Emmanuel: It was a beautiful encounter. Early in the morning at the Hotel Luna of Massawa in 2010, cyclists were having breakfast with their colorful clothes. They were accompanied by their coach Solomon Samson, as well as their technical assistant Hadi Barhi. We exchanged glances and I asked them if they would allow me to take their portraits before they start their training (to be able to share the images there and then with these sportsmen, I found it necessary to use my Polaroid camera). These 9 particular cyclists from the national cycling team of Eritrea were following an intensive training program around Massawa. I took their pictures in a relaxed atmosphere in the dining room of the restaurant, and everyone took the photographic session very seriously. Then, they left the hotel. When the time came for me to catch my bus to Asmara,I realized that I didn't ask for their permission to use the images. Back in the hotel, I prepared the documents they needed to sign for me, and we all had lunch together when they came back from their training. I grabbed a cup of tea with Solomon and caught my bus back to Asmara.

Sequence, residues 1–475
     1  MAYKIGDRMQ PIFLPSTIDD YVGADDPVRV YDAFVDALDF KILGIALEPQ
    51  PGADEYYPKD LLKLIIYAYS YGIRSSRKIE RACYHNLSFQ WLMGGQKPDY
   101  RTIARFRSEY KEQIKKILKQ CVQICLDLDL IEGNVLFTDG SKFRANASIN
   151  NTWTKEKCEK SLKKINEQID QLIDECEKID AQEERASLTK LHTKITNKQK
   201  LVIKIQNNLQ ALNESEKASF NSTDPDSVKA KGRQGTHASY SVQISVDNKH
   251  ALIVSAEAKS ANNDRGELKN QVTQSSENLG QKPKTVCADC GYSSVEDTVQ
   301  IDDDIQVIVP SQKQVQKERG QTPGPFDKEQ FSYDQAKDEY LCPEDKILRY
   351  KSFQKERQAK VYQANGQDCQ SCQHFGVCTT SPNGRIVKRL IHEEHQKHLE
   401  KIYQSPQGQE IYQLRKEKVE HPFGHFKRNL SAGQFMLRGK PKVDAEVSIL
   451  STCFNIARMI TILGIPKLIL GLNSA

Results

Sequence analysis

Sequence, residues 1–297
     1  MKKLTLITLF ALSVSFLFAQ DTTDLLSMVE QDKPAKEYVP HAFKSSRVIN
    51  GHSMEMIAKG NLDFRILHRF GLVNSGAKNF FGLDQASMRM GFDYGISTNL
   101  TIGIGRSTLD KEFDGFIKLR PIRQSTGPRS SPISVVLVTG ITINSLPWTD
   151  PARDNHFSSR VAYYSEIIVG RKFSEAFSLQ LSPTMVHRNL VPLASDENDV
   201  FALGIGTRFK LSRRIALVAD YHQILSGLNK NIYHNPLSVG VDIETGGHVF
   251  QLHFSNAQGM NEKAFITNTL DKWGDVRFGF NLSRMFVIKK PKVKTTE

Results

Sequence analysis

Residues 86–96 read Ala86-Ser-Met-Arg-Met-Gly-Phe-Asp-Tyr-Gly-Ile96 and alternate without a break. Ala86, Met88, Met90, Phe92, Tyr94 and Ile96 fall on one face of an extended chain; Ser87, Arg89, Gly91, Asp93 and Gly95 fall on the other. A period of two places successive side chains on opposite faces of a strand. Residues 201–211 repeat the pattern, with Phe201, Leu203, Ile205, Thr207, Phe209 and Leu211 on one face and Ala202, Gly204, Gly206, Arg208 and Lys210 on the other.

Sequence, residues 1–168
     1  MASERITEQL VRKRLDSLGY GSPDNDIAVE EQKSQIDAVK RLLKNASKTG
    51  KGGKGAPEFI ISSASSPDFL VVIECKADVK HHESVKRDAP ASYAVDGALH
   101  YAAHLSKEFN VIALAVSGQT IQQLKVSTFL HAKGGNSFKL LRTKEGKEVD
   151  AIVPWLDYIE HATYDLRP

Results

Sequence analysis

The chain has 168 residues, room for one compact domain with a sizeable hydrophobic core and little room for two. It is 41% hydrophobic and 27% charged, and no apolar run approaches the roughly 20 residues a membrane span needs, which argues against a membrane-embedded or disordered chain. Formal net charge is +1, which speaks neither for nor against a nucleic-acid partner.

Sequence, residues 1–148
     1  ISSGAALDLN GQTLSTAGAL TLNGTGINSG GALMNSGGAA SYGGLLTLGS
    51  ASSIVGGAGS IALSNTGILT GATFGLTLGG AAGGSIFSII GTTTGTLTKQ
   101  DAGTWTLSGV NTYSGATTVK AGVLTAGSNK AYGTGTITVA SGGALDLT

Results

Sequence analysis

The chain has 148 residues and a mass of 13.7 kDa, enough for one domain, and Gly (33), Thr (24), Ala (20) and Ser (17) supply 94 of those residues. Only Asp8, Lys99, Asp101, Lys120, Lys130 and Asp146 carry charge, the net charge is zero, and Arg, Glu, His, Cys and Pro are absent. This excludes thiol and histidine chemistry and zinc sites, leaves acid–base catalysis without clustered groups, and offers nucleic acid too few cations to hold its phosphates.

I am not specifically a fan of cycling, but again I like photography because it gives me the chance to meet and see lots of people.

The work was exhibited at "look mum no hands" in London (2011).


Issayas: Emmanuel, thank you for this interview and for letting me use the pictures .
Emmanuel: Thanks.

Saturday, April 5, 2014

A conversation with fashion designer: Admas Mahdere

 Admas Mahdere: Fashion designer
Photographer: David Goddard 

Issayas : Would you tell us about yourself?